Research on Antiques & Collectibles


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Legend has grown around Simon Willard and his prowess as a clockmaker which has some improbable aspects. He has been pictured as a mechanical genius who spent sixty-odd years in doggedly demonstrating his skill at cutting the teeth on his clock wheels by hand and by eye, with the aid only of crude and primitive tools. While this concept of him has never been taken seriously by students of clockmaking, it has been widely publicized and should be corrected.

On the face of it, this picture of Willard is rather ridiculous. It has been estimated that he made 1200 tall-case clocks and over 4000 patent timepieces, in addition to many shelf, tower, and experimental clocks. Now, there are more than 900 teeth in the wheels of an eight-day tall-case clock, and 418 in each patent timepiece. If Willard had worked three hundred ten-hour days each year for sixty years - exclusively at cutting teeth - he would have had to cut, shape, and finish one tooth every 3 minutes in order to meet this output. And that without allowing any time for making and fitting the many parts which constitute a complete operating set of works!

A proper estimate of Willard's activities must be based on comparison with his contemporaries, for "he never took kindly to books" and few of his records have come to light. His contemporaries used fine tools and such labor-saving devices as then existed, and he must also have used them; otherwise he could not have held his position of leadership in this highly competitive field. Thomas Harland of Norwich, Connecticut, for example, was a maker who may be compared to Willard; his inventory (1807) shows two watch engines, one clock engine, and a respectable assortment of hand and machine tools.

Machine tools are as old in principle as the potter's wheel. The simpler ones (lathes, drills, and so on) perform their functions either by rotating, or by imparting a rotary movement to the material to be worked, while cutting surfaces reduce the material to a desired dimension. Machine tools have always been required in clockmaking, and eighteenth-century craftsmen had them. The essential difference between such tools then and now lies not in accuracy of performance but in motive power. In Willard's day they were operated by hand or foot, and in that sense, to be sure, the teeth of his clocks were cut by hand - but only in that sense.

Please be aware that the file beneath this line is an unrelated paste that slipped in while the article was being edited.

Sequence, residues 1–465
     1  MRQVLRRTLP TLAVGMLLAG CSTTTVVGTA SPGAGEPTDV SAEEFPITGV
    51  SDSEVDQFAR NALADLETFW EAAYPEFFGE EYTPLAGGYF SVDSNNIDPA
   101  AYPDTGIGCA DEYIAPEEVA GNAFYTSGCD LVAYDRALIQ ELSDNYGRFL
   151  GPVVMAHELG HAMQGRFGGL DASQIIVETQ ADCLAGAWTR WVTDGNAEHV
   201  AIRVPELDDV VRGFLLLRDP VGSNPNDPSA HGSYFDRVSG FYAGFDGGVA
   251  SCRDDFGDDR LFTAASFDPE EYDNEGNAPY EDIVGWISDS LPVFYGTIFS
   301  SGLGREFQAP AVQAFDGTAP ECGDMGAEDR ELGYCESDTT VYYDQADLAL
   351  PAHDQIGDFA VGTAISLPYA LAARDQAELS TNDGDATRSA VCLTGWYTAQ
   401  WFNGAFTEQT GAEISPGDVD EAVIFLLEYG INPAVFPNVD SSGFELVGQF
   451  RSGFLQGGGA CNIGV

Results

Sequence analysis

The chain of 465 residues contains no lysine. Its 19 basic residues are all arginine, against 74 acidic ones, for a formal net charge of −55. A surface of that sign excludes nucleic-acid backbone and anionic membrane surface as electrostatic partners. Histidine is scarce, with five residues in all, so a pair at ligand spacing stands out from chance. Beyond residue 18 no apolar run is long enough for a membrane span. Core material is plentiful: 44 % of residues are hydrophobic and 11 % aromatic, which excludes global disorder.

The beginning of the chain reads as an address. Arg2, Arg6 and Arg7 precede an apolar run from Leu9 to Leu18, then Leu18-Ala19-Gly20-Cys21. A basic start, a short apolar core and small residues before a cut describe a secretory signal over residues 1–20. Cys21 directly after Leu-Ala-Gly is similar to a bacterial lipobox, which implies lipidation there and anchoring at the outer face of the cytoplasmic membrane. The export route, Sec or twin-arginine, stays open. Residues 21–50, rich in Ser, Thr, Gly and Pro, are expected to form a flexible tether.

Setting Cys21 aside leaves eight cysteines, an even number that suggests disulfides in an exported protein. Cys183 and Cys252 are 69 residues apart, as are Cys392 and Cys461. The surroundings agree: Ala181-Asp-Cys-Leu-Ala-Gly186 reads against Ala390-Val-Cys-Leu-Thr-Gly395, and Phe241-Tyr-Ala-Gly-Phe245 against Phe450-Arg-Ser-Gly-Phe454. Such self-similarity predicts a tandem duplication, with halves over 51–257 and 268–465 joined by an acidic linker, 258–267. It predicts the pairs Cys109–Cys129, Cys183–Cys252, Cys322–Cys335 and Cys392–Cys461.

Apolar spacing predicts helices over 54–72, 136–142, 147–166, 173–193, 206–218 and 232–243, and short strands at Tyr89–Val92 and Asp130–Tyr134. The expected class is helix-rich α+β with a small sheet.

Each farm and hamlet in the US had its smithy, at which a wondrous assortment of tools and implements were forged out. These were of such rugged character that many have survived, and this fact may account for the misbelief that all tools at that time were crude and primitive. Examination of the works of any eighteenth-century watch, however, will prove that fine tools were necessary to the fashioning of metals into such delicate tracery. By Willard's era tools had arrived at a state of efficiency which, in many instances, has not been surpassed to this day. In the classification of hand-driven machine tools belongs the clock wheel engine, which was invented about 1655 by Robert Hooke, was promptly adopted, and by 1700 was in general use. Probably the greatest labor-saving aid to clockmaking, this device did away with the necessity for filing out teeth by hand and enabled the craftsman to cut quickly and precisely on wheel blanks any required number of teeth. It was simple in construction, and was frequently made by the clockmaker for his own use. Hoopes in his ‘Connecticut Clockmakers of the Eighteenth Century’ cites inventories which indicate that it was generally employed in Connecticut in the 1700's, and illustrates an example used there about 1780.

On the basis, then, of contemporary practice and of Willard's own large production, it seems more than probable that he used the clock wheel engine. Proof that in fact he did was supplied by an experiment of Albert Weller, a Washington clockmaker. To test the legend of hand-cutting, Mr. Weller dismembered three authenticated Willard movements and placed the three great wheels one upon another. He found that one tooth on each wheel was cut with a slight inaccuracy, so that the teeth would line up only when the wheels were stacked in one position. This is evidence that all three wheels were cut on the same engine, and that one tooth mark on the index plate or guide disk of that engine was slightly untrue.